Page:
Workers fight closing of their factory by buying it

The videos above and below tell the story of how workers at Chicago Window and Door fought the closing of their factory by buying it, and starting a new business, the New Era Windows Cooperative.

I wish them good success, because such enterprises have to face a lot of skepticism and a lot of opposition.  People in the Mitt Romney class—the holders of financial assets—want us to believe that we need them to be job creators.  Their power is threatened if workers can be their own job creators.

What the New Era workers have going for them is that the enterprise can draw on the initiative and knowledge of all of them, versus the standard business enterprise in which you have a few decision-makers and the rest supposedly just following orders (although in fact no organization could function if employees did no more than follow orders)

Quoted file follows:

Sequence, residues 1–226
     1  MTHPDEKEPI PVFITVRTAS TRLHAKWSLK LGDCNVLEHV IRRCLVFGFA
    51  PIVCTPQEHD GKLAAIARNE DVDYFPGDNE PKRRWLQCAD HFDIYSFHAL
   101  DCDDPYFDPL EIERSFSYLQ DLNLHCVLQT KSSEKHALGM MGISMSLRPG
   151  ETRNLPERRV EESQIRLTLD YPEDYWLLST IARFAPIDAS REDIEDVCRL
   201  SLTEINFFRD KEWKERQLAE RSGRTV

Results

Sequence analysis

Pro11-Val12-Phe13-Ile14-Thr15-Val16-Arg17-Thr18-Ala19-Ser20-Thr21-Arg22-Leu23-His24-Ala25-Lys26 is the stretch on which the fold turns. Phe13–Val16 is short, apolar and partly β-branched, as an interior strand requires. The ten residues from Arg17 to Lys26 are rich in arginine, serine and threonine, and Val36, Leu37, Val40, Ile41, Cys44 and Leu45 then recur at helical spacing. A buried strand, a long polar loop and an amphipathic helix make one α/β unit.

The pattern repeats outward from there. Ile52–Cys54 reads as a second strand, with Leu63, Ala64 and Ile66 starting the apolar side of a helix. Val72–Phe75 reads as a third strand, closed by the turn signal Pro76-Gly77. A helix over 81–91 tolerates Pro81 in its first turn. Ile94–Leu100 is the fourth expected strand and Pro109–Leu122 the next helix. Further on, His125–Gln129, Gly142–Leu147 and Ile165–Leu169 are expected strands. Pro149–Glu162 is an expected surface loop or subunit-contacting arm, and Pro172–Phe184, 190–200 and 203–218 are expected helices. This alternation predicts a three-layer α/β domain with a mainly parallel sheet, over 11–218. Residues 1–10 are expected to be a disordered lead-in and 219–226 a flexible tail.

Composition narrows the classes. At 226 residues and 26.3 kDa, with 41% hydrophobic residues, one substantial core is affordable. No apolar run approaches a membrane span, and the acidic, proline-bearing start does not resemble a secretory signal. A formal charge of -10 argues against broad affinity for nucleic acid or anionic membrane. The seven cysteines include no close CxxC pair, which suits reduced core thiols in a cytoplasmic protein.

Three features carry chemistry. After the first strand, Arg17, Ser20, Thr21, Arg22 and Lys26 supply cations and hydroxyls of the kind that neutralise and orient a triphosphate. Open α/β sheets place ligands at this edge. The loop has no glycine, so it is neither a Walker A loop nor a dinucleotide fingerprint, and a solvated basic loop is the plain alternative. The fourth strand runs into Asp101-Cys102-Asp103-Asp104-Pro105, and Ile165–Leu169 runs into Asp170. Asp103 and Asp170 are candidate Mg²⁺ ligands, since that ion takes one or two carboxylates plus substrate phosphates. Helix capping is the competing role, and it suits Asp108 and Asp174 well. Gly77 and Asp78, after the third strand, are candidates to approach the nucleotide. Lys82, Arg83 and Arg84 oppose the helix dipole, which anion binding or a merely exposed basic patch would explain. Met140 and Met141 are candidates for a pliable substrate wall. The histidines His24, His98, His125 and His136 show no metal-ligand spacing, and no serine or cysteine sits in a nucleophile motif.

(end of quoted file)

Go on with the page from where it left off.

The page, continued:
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Click on New Era Windows Cooperative for the New Era home page.

One big problem that worker-owned businesses have is financing.  They can’t sell stock, except to each other, and most lenders have no experience with or interest in such businesses.  New Era got help from The Working World, a non-profit micro-credit organization, which provides small loans to worker cooperatives.  Click on The Working World for Working World’s home page.

The employees of Chicago Window and Door were members of the United Electrical Workers, a union noted for militancy and rank-and-file democracy.  The support of the UE surely must have helped.  Click on United Electrical Workers for the UE’s home page.

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